In August 2006, I left my employer to embark on a journey to change my skill set and mind set. My previous employer was a very large defense contractor who offered a decent workplace, average salary, excellent benefits, and, of course, job stability. I announced to my friends and family that I would be leaving this employer, returning to Arizona and leaving the ranks of the employed for an undetermined amount of time. It seemed ludicrous to most people at the time, myself included. I was sure of only one thing at that time: I intended to refocus my career goals in an entirely different direction.
I had attempted to take my career in a different direction while still working, but I found that after 60-80 hour work weeks, a Master's program in Computer Science and a wife and two young children, I didn't have the energy. Voluntary unemployment was a calculated risk that I could learn what I needed to enter my newly chosen career path before I was forced to declare bankruptcy.
Unemployment is not really as bad as I thought it would be. I was able to spend time learning the things I was truly interested in, including Ruby on Rails. I spent a lot of time with my family and generally enjoyed myself. I found that I could actually work longer with more focus that I ever did at a previous employer without feeling tired or burnt out.
Eventually, our finances drained to the point of alarm and I began to look for a professional position working with Ruby on Rails.
Since early 2007, I have been contracting my Ruby on Rails services to various employers. While this was lucrative it was also very frustrating. During that time I learned a little about myself and the environment in which I work best. I invest myself in what I do and as a contractor I found it hard to not get involved beyond what was required of me.
My first contract position was a fixed bid contract that was referred to me by my brother. It allowed me to choose the technology and create a simple student tracking system for a wellness center. It was deployed internally in January of 2007 and as far as I know it is still being used. My first real, deployed and used application! With that experience under my belt, I placed my resume on various websites advertising my interest in Ruby on Rails development positions. In a few short days I was contacted.
My second contracting position was an 18 month contract to create an EMR system for a local, privately held behavioral health organization. This was the big test for me to gauge if my calculated risk would pay off. Unlike the previous contract I was interviewed about my knowledge of Ruby on Rails, databases and Agile development. Two weeks after advertising my resume, I was hired to work professionally with Ruby on Rails. I learned a lot during my time contracting for that company, including how much I didn't know, and met a great Phoenix Ruby on Rails developer, Josh Huckabee. I also attended my first RailsConf in Portland, OR in May with Josh and a few of the full-time employees.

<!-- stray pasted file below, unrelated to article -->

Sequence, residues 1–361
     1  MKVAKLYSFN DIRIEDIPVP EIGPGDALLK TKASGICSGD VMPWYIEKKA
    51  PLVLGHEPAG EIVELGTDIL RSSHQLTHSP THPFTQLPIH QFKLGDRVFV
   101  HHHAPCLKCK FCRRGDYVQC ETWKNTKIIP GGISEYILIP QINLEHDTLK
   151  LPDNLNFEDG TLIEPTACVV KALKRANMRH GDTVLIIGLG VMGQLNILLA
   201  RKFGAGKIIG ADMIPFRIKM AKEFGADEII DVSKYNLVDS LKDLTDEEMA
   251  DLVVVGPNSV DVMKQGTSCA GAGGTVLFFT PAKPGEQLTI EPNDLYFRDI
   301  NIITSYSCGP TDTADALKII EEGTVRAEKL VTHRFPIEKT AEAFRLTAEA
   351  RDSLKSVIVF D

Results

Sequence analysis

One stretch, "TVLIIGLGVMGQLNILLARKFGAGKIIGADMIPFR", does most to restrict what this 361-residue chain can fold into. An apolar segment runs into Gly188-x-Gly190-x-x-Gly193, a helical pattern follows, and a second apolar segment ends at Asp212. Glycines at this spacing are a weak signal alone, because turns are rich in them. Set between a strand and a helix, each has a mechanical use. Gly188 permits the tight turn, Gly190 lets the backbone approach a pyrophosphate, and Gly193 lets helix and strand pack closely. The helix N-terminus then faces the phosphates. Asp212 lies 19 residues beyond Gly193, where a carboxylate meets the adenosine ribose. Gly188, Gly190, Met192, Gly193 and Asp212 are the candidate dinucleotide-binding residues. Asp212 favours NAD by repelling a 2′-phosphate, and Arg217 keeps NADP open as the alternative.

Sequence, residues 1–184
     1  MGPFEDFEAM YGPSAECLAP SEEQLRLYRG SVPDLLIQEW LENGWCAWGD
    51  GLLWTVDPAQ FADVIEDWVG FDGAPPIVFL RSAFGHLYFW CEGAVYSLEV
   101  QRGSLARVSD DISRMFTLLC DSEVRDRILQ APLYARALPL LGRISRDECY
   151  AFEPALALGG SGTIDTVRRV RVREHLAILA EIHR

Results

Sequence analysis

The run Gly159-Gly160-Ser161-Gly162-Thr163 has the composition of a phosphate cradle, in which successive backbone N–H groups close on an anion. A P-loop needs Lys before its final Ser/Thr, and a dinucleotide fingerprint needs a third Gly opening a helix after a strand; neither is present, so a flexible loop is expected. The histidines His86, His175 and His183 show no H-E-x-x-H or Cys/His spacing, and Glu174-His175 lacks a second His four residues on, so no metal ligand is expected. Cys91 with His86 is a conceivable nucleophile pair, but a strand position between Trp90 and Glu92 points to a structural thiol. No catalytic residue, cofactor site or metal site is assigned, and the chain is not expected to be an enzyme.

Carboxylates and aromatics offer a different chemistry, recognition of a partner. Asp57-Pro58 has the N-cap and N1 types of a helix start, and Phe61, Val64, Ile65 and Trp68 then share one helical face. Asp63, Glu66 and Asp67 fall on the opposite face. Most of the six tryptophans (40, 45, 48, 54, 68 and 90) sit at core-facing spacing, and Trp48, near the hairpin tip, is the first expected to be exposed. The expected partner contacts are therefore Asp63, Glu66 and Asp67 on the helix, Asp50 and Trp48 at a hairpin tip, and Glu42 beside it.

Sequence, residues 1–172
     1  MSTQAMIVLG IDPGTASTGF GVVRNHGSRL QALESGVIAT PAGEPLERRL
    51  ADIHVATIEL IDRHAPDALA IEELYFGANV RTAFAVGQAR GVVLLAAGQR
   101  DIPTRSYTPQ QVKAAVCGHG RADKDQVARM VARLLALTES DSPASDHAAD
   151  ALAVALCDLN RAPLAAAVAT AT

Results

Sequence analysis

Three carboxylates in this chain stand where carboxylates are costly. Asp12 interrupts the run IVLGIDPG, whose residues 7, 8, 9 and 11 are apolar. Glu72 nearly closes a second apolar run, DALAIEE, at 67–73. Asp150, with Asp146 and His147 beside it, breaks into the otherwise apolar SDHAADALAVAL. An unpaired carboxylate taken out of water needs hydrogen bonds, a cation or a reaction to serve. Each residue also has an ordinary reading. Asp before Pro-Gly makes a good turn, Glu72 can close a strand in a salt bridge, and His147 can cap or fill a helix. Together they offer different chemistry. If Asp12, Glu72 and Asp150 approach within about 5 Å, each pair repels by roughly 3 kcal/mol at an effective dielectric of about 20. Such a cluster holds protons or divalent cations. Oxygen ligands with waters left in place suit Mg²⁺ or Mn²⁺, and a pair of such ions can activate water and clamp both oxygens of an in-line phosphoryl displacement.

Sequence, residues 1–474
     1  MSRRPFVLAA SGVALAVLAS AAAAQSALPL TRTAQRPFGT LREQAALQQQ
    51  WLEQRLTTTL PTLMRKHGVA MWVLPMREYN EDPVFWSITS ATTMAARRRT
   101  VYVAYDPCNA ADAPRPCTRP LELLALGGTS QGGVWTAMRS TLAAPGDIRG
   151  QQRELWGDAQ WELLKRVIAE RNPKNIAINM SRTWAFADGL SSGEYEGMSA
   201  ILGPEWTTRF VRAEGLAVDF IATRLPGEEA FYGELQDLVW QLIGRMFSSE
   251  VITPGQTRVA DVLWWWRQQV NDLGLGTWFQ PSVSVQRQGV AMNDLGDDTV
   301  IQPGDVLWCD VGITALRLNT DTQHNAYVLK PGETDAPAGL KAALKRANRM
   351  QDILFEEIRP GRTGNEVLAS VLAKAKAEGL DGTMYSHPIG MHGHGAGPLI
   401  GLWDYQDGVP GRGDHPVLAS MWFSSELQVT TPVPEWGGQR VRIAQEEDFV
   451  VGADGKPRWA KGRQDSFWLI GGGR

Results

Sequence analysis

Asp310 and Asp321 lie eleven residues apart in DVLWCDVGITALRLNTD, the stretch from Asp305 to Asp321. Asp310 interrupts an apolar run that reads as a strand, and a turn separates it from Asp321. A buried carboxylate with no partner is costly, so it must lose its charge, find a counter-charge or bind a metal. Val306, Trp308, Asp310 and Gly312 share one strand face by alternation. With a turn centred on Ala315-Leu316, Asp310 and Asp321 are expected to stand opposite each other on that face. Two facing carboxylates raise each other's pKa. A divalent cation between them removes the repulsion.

Attending RailsConf was a real turning point for me, in many ways. Part of what I was missing as a lone wolf developer was the sense of community and interaction with other Rubyists – I met some great people at RailsConf! Upon returning, I began attending the Ruby User's Group in Phoenix, Phoenix Rails Group and Refresh Phoenix to connect at a local level with other enthusiastic Rubyists, developers and designers.
This was the beginning of the end of my time at my current contract. As I discovered more about agile Ruby on Rails projects I realized that it would be highly improbable to influence the current direction of my contract employer. For three more months Josh and I attempted to influence the direction of our project and rescue it from impending failure. In August, we made our exit and, because of RailsConf and local networking, we began contracting for a consulting company called Integrum Technologies.
Integrum and Me
In January 2008, Josh and I became full-time Integrum code monkeys. Integrum is an amazing place to work and completely unlike any company I've worked for. There is a level of openness and transparency that I have only read and dreamed about. Of course, Integrum is not perfect, but we are working hard to constantly improve ourselves while still having a blast. My wife constantly reminds me that Integrum is fueled by fun :) I believe that this year will be an important one for our company. You can keep up on what's going on with us by reading, or subscribing to, the blog.
A year and a half has passed since I resigned my comfortable, full-time position in California. In that time I have accomplished more that I could have hoped for and am happier than I've been in some time – my calculated risk paid off.
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